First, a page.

As the day progresses, I think about the children who run to class. They delight in the unknown; I worry when things are out of my control. They see change as exhilarating; I often see change as threatening. They ask constant questions; I try to finish my day having formulated more answers than questions. And the funny thing is, like them, I love school. My days are filled with opportunities to learn new things. My days are filled with unexpected conversations and discoveries. I have a purpose. And I am happy.

They run. I hurry. Their joy is evident, and I wonder…is mine? There’s one thing I learned on this, the 108th day of school and that is to hurry less because it is only then that I can begin to delight in the unknown, learn to embrace change, and start asking the right questions.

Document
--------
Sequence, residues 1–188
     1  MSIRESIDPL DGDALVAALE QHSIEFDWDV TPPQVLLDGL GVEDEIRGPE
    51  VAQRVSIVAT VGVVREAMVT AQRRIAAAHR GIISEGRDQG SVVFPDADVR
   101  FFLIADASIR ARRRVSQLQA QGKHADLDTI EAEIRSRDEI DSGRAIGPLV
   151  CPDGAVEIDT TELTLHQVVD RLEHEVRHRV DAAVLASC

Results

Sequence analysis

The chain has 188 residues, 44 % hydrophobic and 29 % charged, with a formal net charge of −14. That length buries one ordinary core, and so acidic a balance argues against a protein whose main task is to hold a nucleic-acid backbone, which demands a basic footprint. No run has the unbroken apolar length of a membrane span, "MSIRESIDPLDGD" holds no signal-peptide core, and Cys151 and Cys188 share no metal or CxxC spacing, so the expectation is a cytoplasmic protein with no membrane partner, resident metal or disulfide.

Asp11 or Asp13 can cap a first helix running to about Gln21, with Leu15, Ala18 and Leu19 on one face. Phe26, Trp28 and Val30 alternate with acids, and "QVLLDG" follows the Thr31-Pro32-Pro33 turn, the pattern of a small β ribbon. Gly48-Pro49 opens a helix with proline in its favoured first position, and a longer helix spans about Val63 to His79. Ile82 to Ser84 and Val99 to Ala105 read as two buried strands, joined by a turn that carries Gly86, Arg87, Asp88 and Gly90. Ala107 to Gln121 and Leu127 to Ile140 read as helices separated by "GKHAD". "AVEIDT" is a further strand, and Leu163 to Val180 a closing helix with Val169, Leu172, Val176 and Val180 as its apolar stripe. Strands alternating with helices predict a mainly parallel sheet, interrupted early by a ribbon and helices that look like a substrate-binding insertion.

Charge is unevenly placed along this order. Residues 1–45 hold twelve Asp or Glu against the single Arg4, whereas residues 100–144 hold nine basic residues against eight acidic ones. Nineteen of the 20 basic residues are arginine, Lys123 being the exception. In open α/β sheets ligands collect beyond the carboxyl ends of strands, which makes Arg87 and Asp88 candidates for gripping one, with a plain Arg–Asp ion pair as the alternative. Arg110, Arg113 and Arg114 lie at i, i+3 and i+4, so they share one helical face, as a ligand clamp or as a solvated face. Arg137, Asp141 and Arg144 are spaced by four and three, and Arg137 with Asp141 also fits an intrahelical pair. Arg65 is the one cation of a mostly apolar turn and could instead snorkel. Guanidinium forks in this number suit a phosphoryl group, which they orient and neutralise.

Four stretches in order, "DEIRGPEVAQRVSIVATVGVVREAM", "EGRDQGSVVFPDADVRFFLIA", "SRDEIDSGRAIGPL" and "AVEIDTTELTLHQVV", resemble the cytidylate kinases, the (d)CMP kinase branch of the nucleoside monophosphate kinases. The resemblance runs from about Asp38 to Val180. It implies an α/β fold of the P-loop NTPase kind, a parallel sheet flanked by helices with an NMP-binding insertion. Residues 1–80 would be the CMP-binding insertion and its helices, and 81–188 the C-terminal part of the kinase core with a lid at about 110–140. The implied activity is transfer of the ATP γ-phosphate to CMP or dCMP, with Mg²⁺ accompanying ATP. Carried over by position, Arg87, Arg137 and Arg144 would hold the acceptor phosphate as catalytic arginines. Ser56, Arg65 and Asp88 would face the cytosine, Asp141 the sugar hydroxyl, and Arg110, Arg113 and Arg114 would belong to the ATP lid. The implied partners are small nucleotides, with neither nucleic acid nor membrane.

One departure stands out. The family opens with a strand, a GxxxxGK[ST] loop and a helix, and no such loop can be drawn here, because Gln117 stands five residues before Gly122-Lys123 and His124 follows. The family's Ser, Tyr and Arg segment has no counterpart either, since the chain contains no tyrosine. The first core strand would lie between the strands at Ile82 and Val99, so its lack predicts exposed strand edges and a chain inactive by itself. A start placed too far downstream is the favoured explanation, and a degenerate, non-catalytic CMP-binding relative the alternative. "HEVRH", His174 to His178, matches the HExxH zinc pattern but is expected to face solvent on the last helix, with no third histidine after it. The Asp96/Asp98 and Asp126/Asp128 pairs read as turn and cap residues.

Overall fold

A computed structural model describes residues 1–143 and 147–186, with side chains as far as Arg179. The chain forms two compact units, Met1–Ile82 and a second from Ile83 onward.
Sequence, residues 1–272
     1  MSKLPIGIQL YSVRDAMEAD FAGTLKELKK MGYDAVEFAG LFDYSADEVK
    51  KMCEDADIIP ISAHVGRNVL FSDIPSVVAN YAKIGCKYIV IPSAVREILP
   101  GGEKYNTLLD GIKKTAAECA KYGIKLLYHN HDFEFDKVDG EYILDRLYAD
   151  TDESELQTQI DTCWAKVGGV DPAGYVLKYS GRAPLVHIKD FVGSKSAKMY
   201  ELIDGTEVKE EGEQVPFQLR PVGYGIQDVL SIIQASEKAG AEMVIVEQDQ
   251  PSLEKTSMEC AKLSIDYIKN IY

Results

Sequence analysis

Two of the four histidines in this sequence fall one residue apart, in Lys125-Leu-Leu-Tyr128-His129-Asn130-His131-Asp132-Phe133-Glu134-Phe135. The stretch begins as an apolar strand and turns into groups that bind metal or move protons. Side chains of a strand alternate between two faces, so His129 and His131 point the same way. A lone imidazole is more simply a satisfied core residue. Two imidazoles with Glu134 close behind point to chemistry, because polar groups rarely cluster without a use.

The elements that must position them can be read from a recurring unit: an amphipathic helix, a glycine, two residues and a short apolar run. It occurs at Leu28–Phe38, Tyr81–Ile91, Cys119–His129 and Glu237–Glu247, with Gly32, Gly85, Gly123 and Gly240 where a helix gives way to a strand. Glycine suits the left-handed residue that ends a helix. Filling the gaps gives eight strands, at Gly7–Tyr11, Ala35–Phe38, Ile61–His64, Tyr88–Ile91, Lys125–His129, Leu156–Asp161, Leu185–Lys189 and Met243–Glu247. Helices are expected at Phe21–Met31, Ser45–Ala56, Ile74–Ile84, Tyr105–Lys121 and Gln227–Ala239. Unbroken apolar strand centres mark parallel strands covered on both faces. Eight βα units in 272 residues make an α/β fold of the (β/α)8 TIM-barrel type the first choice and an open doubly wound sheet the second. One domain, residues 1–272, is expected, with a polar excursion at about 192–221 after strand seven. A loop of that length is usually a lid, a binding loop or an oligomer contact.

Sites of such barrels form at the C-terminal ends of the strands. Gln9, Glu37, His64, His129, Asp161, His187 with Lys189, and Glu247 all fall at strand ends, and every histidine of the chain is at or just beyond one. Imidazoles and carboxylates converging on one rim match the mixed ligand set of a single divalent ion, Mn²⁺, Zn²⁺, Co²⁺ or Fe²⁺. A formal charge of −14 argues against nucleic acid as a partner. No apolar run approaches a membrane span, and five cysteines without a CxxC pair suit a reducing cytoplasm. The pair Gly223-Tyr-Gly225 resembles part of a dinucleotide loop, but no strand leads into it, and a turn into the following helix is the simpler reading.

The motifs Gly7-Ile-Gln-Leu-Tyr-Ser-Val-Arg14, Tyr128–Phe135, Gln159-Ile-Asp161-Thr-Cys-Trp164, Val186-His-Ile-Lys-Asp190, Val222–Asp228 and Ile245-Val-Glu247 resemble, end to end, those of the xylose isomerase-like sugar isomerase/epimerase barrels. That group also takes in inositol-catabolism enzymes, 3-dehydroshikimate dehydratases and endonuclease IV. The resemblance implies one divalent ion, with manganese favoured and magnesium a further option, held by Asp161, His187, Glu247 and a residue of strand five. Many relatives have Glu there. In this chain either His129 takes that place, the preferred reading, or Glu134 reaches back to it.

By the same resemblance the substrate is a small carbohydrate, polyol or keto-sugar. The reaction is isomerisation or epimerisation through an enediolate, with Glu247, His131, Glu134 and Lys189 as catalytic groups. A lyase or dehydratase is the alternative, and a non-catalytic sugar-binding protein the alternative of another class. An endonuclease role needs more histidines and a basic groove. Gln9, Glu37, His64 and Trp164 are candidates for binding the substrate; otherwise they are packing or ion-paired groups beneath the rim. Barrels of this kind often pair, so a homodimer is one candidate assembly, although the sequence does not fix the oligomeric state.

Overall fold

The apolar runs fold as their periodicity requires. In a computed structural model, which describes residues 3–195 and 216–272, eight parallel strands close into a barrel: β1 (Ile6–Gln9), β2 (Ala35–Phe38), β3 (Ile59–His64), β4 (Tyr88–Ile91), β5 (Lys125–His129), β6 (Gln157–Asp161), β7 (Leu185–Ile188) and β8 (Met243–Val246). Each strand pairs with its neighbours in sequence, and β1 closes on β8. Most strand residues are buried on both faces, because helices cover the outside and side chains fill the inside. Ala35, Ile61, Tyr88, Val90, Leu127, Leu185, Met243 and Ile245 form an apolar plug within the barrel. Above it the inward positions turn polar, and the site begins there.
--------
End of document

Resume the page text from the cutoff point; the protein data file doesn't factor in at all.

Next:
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About the author: Megan Howard spends her professional life on the east coast and her vacation life in California, putting her waking hours in perfect balance. As an educator, she learns life lessons from 5-year-olds on a regular basis. Follow her on Twitter at @mmhoward.

Emergent Relationships

In an effort to get my Google Reader account to a reasonable number after a month of workshops, epic snow/ice in Atlanta, birthday celebrations, and life in general, I came across a post on The LIFT blog, “How to Introduce Yourself: The Value of Emergent Relationships.” On the heels of a trip to Philadelphia for Educon 2.3 and after spending over an hour this afternoon watching the livestream Prototype Camp presentations coming from Columbus, Ohio, I was intrigued by this sentence: